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CD: IEEE 802.11ac Wave 3 is a new way for Wi-Fi networks to operate. What advantages does Wave 3 have over Wave 2 and earlier technologies?

JC: Wave 3 defines a new class of access points for Wi-Fi networks to operate. As Wi-Fi usage continues to explode, 10G Wave 3 provides the flexibility and scalability to meet the growing demand for Wi-Fi capacity. Wave 3 has a number of advantages over Wave 2 and earlier technologies, starting with higher order MIMO. In Wave 2, users are limited to 4 × 4—four transmit antennas and four receive antennas. On Wave 3, we have defined a dual-band system, where 5 GHz can go up to 8 × 8 with four additional antennas on 2.4-GHz networks, for a total of 12 unique streams of data.

The end result in the 5 GHz band is that 8 × 8 has much better maximum range than 4 × 4. Even if you live in a smaller home and don’t care about ultimate range, the improvement is seen at every distance—whether near, far, or something in the middle, 8 × 8 will give you higher speeds. If you were getting a certain amount of speed at a specific location using 4 × 4, at that same position 8 × 8 will significantly increase your throughput.

James ChenCD: When do you expect to see widespread use of Wave 3 in consumer applications?

JC: We're working with service-provider and retail-market customers to launch products into consumers’ hands by the end of 2016.

CD: What specific challenges are associated with developing chipsets for IEEE 802.11ac Wave 3?

JC: Wave 3 combines the best of 802.11ac and 802.11n all in a single chipset. Our Wave 3 technology enables 12 streams—maxing out what the IEEE standard has defined. The challenge is to pack all of that functionality into a single chipset, which traditionally required customers to use three or more distinct chipsets. Integrating all of that complexity down in a cohesive form also has to be carefully architected and managed in terms of size, power, and performance.

The last challenge is really about perception, since—much like when we introduced 4 × 4 in 2013,—people usually don’t think about the need for a chipset to transmit such high speeds using so many streams. But our past experience in 4 × 4 showed Wi-Fi demands continue to increase and become more stringent. We are confident that a Wave 3-type solution is needed to provide the additional reassurance that consumers will be able to experience broadband where, and when, they need it.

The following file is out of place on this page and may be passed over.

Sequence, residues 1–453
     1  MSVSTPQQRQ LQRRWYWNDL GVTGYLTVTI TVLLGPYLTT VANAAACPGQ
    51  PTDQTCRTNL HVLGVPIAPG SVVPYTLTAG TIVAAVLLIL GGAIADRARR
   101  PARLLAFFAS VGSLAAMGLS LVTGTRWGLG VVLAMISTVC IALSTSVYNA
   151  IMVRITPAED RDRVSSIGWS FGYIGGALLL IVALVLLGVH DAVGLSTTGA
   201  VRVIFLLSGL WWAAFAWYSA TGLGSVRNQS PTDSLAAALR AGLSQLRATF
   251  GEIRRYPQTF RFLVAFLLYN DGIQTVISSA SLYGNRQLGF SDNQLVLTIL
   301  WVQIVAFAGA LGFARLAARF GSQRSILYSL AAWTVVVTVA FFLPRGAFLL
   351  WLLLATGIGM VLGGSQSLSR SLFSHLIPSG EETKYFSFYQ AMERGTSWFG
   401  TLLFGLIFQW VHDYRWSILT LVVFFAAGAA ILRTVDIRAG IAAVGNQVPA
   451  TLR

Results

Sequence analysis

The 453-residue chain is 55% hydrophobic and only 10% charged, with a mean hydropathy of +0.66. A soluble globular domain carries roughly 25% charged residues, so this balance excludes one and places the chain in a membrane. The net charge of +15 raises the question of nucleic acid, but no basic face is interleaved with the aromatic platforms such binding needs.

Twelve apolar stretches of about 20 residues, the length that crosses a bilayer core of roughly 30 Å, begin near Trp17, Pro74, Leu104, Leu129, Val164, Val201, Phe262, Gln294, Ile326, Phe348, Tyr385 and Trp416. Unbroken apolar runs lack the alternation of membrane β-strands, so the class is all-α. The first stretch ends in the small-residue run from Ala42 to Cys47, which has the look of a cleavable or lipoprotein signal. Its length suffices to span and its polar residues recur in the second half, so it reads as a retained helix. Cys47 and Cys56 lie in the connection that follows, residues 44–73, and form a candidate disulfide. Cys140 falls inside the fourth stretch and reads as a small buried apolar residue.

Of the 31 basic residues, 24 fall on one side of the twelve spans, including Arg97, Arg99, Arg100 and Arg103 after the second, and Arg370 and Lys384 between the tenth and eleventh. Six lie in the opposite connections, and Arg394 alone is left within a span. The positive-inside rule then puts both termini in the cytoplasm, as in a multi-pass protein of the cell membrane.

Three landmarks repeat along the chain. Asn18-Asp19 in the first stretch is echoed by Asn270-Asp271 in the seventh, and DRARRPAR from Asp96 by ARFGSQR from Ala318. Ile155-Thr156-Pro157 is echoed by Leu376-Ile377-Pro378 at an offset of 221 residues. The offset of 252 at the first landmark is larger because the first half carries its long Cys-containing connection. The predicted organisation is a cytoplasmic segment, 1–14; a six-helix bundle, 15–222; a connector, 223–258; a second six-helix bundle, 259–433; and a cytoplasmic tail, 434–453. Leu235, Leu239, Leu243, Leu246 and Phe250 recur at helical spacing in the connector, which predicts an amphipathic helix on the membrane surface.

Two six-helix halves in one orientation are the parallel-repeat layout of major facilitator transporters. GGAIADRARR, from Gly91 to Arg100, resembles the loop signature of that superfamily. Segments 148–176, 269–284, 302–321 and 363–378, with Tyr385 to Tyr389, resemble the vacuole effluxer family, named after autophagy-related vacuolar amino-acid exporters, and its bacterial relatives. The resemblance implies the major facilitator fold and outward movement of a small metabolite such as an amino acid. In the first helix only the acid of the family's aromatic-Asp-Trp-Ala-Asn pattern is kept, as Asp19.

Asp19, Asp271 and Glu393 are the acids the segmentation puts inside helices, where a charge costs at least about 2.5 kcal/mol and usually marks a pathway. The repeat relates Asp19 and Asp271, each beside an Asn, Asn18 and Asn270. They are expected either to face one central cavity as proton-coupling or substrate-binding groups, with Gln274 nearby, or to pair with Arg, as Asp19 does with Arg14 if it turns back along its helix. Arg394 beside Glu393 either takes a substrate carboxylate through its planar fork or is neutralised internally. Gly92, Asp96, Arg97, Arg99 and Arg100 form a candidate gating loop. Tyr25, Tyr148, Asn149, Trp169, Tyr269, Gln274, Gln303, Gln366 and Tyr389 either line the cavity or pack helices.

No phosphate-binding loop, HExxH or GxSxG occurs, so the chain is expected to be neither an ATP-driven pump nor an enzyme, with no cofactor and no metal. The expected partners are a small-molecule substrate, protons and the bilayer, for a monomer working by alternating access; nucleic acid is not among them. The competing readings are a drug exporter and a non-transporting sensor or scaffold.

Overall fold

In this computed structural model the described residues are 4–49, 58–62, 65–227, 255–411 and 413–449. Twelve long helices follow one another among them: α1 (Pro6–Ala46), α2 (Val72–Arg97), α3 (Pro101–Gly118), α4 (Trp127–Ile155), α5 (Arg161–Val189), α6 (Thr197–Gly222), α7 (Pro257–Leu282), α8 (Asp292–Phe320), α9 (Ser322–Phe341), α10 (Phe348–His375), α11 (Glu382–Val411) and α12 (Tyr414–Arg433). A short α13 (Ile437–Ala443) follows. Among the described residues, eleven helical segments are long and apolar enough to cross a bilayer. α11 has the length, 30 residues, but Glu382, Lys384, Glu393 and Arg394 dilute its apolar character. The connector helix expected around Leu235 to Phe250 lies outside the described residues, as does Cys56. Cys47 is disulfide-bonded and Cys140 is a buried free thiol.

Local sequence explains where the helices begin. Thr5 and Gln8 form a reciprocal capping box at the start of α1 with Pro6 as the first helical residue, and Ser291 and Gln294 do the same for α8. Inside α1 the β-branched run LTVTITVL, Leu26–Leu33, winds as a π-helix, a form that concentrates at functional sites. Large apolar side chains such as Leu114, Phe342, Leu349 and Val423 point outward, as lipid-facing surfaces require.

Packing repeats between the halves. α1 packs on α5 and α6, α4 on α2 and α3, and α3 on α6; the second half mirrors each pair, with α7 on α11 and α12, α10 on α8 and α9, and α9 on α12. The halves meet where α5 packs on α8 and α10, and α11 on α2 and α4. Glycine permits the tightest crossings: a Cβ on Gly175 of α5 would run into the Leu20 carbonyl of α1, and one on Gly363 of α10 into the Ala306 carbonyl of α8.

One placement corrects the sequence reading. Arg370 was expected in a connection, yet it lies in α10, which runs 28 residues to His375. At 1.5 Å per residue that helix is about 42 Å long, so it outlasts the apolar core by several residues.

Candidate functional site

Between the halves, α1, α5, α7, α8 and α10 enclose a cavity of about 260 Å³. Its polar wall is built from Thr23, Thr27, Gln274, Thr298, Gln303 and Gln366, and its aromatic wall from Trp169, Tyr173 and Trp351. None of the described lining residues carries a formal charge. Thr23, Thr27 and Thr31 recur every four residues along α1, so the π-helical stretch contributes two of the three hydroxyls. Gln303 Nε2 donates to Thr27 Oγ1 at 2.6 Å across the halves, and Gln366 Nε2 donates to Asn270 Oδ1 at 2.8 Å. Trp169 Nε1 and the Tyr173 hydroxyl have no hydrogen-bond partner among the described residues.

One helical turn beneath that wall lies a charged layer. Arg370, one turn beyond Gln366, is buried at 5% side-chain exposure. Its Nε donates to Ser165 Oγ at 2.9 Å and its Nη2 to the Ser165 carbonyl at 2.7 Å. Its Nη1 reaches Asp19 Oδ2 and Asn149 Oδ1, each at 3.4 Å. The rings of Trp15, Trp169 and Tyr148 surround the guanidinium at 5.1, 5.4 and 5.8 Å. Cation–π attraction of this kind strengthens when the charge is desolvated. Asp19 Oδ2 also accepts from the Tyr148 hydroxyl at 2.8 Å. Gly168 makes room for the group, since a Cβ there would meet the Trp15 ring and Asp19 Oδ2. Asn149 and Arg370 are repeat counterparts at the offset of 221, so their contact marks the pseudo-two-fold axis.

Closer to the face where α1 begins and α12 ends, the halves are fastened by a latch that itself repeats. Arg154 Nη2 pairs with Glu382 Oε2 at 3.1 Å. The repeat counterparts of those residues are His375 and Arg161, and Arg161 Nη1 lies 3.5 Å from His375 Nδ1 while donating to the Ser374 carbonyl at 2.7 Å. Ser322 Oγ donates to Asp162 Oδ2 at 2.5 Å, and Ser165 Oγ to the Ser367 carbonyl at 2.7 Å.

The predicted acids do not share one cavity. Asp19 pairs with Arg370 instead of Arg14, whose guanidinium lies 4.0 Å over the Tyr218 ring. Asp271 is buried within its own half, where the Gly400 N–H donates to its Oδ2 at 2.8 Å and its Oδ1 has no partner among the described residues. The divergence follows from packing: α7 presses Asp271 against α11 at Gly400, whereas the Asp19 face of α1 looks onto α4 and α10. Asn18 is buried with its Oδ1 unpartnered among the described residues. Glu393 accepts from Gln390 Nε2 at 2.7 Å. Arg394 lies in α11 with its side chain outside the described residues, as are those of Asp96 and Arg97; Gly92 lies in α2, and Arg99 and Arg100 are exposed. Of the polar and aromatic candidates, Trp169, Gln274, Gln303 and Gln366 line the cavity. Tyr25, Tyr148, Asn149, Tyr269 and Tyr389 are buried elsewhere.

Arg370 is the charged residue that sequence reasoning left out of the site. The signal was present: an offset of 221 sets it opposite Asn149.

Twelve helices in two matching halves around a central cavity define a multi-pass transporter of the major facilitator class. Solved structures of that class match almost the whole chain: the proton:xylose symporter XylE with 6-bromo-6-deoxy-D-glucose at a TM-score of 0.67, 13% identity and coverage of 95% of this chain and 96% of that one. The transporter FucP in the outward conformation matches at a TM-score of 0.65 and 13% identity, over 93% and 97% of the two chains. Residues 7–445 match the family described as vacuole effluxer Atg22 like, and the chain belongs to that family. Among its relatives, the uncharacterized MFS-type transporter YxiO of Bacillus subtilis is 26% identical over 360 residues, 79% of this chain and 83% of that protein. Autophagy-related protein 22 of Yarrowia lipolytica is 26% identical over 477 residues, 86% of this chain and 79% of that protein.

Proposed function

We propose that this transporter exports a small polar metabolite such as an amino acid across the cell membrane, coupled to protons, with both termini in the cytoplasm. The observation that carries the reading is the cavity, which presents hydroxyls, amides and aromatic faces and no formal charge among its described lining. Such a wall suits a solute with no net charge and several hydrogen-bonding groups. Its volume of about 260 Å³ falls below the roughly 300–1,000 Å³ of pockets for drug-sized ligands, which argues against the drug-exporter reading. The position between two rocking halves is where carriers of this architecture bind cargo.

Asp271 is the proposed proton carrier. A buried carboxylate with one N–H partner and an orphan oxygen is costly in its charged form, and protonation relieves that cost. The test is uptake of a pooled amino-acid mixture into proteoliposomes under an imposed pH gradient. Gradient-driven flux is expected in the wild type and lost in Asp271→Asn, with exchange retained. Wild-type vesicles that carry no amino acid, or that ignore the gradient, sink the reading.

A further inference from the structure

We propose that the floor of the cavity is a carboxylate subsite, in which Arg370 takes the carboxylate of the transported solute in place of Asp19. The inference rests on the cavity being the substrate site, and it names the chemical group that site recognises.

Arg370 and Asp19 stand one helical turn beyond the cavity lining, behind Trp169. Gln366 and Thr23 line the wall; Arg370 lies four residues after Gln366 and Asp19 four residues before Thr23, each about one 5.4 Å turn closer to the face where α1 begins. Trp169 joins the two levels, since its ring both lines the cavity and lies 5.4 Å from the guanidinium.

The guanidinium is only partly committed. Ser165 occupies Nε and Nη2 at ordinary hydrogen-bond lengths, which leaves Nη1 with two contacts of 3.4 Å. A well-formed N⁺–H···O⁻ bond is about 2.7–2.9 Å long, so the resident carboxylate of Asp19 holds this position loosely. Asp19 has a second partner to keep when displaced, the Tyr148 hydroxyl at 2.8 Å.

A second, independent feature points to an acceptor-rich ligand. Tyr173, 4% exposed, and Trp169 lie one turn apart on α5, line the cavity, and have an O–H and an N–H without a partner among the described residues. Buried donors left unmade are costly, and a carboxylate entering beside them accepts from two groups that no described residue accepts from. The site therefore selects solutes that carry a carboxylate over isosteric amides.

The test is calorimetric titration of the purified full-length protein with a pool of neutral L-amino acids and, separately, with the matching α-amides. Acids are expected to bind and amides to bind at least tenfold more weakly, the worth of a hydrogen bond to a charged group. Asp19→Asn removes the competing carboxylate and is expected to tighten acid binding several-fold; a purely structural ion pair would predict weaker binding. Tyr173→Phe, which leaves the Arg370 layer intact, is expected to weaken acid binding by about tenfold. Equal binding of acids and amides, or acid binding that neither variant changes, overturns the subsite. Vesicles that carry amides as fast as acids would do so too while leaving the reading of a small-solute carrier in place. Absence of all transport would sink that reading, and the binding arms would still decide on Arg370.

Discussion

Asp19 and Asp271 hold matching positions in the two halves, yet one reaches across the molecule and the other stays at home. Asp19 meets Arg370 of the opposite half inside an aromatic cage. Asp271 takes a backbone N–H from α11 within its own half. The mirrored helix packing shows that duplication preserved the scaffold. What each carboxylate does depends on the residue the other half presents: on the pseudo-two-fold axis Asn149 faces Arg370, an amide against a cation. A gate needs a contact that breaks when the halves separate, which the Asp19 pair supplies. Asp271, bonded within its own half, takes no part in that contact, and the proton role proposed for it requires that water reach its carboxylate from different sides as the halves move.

CD: What advances in semiconductor technology in the last five years or so have enabled these chipsets?

JC: Wi-Fi is a unique blend because it’s digital and RF. All Wi-Fi uses CMOS, and in the last five years with help from Moore’s Law, it has become commonplace. We’re now taking the latest and greatest semiconductor process technology and designing chips with it. Every 18 months customers can pack twice as many transistors in the same area, enabling tremendous integration—including 12 streams onto one chip!

CD: What techniques are being implemented into power amplifier (PA) designs to meet the latest demands for stringent requirements like linearity and efficiency?

JC: Our partners, such as Skyworks and Qorvo, have benefited from many generations of PAs. They supply not only to us, but also to the greater market. We work with them to help design the most power-efficient PAs to meet Wave 3 requirements, such as eight streams at 160-MHz channel bandwidth and 1024-QAM modulation.

CD: Can you explain the adaptive multiple-input, multiple output (MIMO) architecture?

JC: Wave 3 includes support for multi-user MIMO (MU-MIMO). MU-MIMO provides the ability to support multiple clients at the same time, thus dramatically increasing the capacity of the network. This is extremely important as consumers use more services over Wi-Fi, and as the number of users increase per household. More consumers will experience the fastest, most reliable video-streaming experience, faster downloads and uploads, and better performance even at extremely long distances—in challenging high density Wi-Fi home environments, and even outdoor applications like Wi-Fi hotspots.

CD: How will IEEE 802.11ac Wave 3 tie into the Internet of Things (IoT)?

JC: Because we have 12 streams and not four, we can service many more clients. Think of capacity like the width of a pipe: Now we have three times the capacity for IoT clients producing thermostats, wireless door locks, alarm systems, IP video cameras and many more smart devices. Wave 3 is critical because it makes better use of network and airtime efficiency to support the growing number of connected devices, services and applications, which is the current trend. I have 14 devices in my home, including iPhones, an iPad, laptops, desktops and AppleTVs. In the next four, five, 10 years there will be even more devices, which means more capacity…and Wave 3 stands ready to support all of that.

CD: What is your vision of the future of wireless networking?

JC: Everything’s wireless. Cars are now outfitted with LTE for web access. This was not possible just a few years ago. In the not-so-distant future, cars will also have high-speed Wi-Fi. This will be used for downloading apps, e-mail, and video for that long summer trip, as well as telemetry, traffic accident notification, and congestion avoidance. Wi-Fi will also find its way into other devices and surroundings we can’t even imagine now. What we do know is that in addition to ubiquity, Wi-Fi will also enable demand management. To this end, Quantenna has introduced a solution call MAUI, which is a cloud-based Wi-Fi monitoring and self-healing service that keeps Wi-Fi networks secure, and in peak performance.

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